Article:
UNEP Inquiry releases report on aligning global finance with sustainable development
October 09, 2015
The United Nations Environment Programme’s (UNEP) two-year Inquiry has released its final report, The Financial System We Need, describing how to harness the assets of the world’s financial system to support sustainability.
They key findings are:
- A quiet revolution is underway as financial policy makers and regulators take steps to integrate sustainable development considerations into financial systems to make them fit for the 21st century.
- Momentum is building and is largely driven by developing and emerging nations including Bangladesh, Brazil, China, Kenya, and Peru, with developed country champions including France and the UK.
- Amplifying these experiences through national and international action could channel private capital to finance the transition to an inclusive, green economy and support the realisation of the Sustainable Development Goals.
Achim Steiner, UN Under-Secretary-General and Executive Director of UNEP said: “UNEP’s Inquiry has for the first time compiled and analysed inspiring initiatives from across the world that seek to better align the financial system with sustainable development, showing that there is much to be learnt from the developing world. We now need to raise the level of ambition and cooperation to ensure that the heartland of the global economy, the financial system, can evolve to serve its core purpose of growing and sustaining the real economy. UNEP’s report opens a new chapter by setting out how such an evolution can be achieved.”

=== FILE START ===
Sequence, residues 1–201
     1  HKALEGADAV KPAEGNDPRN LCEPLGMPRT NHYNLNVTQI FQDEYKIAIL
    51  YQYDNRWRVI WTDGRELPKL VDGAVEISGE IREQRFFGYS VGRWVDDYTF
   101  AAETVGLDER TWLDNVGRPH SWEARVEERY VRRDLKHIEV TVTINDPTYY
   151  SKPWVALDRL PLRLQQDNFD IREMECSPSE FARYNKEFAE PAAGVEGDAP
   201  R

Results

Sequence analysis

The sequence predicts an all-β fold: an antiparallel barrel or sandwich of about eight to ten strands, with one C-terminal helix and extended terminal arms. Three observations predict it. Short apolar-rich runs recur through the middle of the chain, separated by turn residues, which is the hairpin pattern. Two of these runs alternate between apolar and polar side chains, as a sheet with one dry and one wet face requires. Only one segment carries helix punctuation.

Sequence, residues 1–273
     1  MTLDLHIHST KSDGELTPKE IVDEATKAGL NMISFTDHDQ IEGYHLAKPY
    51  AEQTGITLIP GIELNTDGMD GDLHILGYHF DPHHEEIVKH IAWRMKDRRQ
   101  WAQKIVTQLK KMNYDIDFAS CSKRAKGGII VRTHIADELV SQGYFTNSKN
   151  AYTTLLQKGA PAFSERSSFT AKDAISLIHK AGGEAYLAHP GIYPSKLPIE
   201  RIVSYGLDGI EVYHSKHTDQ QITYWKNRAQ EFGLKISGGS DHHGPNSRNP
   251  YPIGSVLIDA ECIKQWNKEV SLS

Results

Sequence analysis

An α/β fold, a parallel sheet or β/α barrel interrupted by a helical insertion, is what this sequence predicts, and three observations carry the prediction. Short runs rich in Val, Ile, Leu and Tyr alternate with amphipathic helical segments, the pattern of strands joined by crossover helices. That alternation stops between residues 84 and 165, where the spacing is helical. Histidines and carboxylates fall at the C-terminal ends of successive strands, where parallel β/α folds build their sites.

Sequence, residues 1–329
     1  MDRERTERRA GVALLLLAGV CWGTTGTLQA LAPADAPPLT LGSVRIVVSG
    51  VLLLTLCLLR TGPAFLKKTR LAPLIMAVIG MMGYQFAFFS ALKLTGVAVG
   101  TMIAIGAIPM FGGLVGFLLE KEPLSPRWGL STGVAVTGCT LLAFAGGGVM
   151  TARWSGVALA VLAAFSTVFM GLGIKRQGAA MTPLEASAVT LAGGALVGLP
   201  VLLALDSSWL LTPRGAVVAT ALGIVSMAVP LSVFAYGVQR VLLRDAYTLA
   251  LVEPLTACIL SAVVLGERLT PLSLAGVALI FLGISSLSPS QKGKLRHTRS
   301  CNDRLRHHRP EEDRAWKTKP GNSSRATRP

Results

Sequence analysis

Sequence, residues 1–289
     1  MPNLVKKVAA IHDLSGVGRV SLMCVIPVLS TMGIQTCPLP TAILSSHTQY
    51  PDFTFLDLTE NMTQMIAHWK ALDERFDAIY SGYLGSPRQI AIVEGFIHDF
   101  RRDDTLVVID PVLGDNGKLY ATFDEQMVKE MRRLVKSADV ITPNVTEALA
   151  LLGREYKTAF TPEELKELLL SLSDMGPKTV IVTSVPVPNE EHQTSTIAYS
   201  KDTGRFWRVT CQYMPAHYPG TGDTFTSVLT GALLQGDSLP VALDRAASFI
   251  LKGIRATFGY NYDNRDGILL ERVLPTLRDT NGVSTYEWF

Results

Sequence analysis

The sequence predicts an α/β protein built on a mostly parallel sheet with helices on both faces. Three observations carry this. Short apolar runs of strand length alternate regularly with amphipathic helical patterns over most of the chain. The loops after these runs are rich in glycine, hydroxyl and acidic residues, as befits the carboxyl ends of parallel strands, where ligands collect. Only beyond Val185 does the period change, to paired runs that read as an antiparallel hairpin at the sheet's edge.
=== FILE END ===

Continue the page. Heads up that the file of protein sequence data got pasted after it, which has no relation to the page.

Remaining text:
Along with The Financial System We Need, the Inquiry will be launching the Inquiry Live website that will house the body of knowledge and research materials encompassing the Inquiry’s work over the past 20 months.
About the UNEP Inquiry
The UNEP Inquiry into the Design of a Sustainable Financial System was established in January 2014 to advance policy options that would improve the effectiveness of the financial system in supporting sustainable development. Supported by an Advisory Council of financial leaders, the Inquiry has looked in-depth at practice in more than 15 countries as well as across key segments of the financial system, such as banking, bond and equity markets, institutional investment, insurance and monetary policy. To reach its findings, the Inquiry has worked with central banks, environment ministries, international financial institutions and major banks, stock exchanges, pension funds and insurance companies.